The most notable danger is the ability for a pod that arrives first to some topology domain, to block all other pods from scheduling there by stating a conflict with all other pods. The standard approach to preventing resource hogging is quota, but simple resource quota cannot prevent this scenario because the pod may request very little resources. Addressing this using quota requires a quota scheme that charges based on "opportunity cost" rather than based simply on requested resources. For example, when handling a pod that expresses RequiredDuringScheduling anti-affinity for all pods using a "node" TopologyKey (i.e. exclusive access to a node), it could charge for the resources of the average or largest node in the cluster. Likewise if a pod expresses RequiredDuringScheduling anti-affinity for all pods using a "cluster" TopologyKey, it could charge for the resources of the entire cluster. If node affinity is used to constrain the pod to a particular topology domain, then the admission-time quota charging should take that into account (e.g. not charge for the average/largest machine if the PodSpec constrains the pod to a specific machine with a known size; instead charge for the size of the actual machine that the pod was constrained to). In all cases once the pod is scheduled, the quota charge should be adjusted down to the actual amount of resources allocated (e.g. the size of the actual machine that was assigned, not the average/largest). If a cluster administrator wants to overcommit quota, for example to allow more than N pods across all users to request exclusive node access in a cluster with N nodes, then a priority/preemption scheme should be added so that the most important pods run when resource demand exceeds supply.

An alternative approach, which is a bit of a blunt hammer, is to use a capability mechanism to restrict use of RequiredDuringScheduling anti-affinity to trusted users. A more complex capability mechanism might only restrict it when using a non-"node" TopologyKey.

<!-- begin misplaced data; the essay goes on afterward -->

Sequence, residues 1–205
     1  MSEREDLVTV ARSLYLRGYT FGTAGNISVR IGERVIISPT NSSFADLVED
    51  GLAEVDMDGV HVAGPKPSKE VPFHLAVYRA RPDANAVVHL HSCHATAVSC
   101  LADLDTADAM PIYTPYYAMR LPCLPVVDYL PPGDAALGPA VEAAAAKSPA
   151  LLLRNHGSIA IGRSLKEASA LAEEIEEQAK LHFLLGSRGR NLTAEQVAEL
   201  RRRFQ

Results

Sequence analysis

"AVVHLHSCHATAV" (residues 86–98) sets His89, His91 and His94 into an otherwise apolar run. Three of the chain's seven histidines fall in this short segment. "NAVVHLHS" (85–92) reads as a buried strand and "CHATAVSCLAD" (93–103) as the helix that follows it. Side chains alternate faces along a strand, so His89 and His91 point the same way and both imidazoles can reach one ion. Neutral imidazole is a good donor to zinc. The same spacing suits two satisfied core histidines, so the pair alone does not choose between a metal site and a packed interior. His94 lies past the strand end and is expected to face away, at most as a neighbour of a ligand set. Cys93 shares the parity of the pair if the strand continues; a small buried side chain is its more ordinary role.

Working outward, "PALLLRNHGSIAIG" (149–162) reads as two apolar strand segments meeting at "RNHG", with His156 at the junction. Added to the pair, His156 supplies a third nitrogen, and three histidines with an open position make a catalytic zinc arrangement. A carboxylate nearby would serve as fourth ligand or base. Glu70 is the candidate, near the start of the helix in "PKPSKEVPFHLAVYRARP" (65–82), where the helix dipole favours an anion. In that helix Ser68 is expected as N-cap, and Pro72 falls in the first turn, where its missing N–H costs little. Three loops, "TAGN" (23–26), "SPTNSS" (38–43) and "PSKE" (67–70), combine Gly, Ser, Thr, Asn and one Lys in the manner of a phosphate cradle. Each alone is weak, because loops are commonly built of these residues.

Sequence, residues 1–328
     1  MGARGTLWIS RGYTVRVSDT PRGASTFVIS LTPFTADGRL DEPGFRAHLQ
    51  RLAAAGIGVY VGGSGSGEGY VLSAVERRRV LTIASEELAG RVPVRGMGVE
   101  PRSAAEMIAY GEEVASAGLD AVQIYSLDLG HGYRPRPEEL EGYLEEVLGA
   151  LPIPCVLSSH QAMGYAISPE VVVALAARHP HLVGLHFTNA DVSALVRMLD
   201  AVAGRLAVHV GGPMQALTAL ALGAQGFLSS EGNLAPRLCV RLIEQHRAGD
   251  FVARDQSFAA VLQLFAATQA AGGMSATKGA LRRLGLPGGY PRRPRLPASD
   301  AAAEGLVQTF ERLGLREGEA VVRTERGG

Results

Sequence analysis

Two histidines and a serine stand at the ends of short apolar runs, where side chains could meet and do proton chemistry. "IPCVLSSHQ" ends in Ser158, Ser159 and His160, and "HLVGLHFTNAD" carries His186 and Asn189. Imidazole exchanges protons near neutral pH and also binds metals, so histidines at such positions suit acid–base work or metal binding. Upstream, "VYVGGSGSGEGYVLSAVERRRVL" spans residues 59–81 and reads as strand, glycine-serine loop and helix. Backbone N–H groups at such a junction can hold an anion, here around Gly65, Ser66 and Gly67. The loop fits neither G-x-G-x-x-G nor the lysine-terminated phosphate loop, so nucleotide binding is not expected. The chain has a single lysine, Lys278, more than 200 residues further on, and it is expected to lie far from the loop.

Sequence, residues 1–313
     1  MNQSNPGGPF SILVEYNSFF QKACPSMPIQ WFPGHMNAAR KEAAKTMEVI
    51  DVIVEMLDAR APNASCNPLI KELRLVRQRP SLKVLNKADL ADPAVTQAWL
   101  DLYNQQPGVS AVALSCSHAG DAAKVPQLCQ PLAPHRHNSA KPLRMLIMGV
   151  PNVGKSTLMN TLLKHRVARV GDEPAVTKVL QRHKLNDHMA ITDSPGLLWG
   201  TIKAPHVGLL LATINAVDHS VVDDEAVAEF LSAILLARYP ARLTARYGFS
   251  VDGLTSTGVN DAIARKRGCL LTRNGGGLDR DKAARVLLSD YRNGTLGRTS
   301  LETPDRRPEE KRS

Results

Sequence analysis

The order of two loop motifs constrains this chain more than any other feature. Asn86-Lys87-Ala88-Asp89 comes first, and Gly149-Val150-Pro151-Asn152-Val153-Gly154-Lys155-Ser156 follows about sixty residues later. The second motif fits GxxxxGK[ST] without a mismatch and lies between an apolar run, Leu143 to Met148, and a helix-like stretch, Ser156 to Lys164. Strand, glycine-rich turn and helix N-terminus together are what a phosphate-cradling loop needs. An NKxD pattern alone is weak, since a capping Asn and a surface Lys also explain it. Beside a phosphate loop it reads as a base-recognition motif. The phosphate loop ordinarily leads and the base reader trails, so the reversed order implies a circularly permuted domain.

Our initial implementation will use a variant of the capability approach, which requires no configuration: we will simply reject ALL requests, regardless of user, that specify "all namespaces" with non-"node" TopologyKey for RequiredDuringScheduling anti-affinity. This allows the "exclusive node" use case while prohibiting the more dangerous ones.

A weaker variant of the problem described in the previous paragraph is a pod's ability to use anti-affinity to degrade the scheduling quality of another pod, but not completely block it from scheduling. For example, a set of pods S1 could use node affinity to request to schedule onto a set of nodes that some other set of pods S2 prefers to schedule onto. If the pods in S1 have RequiredDuringScheduling or even PreferredDuringScheduling pod anti-affinity for S2, then due to the symmetry property of anti-affinity, they can prevent the pods in S2 from scheduling onto their preferred nodes if they arrive first (for sure in the RequiredDuringScheduling case, and with some probability that depends on the weighting scheme for the PreferredDuringScheduling case). A very sophisticated priority and/or quota scheme could mitigate this, or alternatively we could eliminate the symmetry property of the implementation of PreferredDuringScheduling anti-affinity. Then only RequiredDuringScheduling anti-affinity could affect scheduling quality of another pod, and as we described in the previous paragraph, such pods could be charged quota for the full topology domain, thereby reducing the potential for abuse.

We won't try to address this issue in our initial implementation; we can consider one of the approaches mentioned above if it turns out to be a problem in practice.

Co-existing with daemons

A cluster administrator may wish to allow pods that express anti-affinity against all pods, to nonetheless co-exist with system daemon pods, such as those run by DaemonSet. In principle, we would like the specification for RequiredDuringScheduling inter-pod anti-affinity to allow "toleration" of one or more other pods (see #18263 for a more detailed explanation of the toleration concept). There are at least two ways to accomplish this:

  • Scheduler special-cases the namespace(s) where daemons live, in the sense that it ignores pods in those namespaces when it is determining feasibility for pods with anti-affinity. The name(s) of the special namespace(s) could be a scheduler configuration parameter, and default to kube-system. We could allow multiple namespaces to be specified if we want cluster admins to be able to give their own daemons this special power (they would add their namespace to the list in the scheduler configuration). And of course this would be symmetric, so daemons could schedule onto a node that is already running a pod with anti-affinity.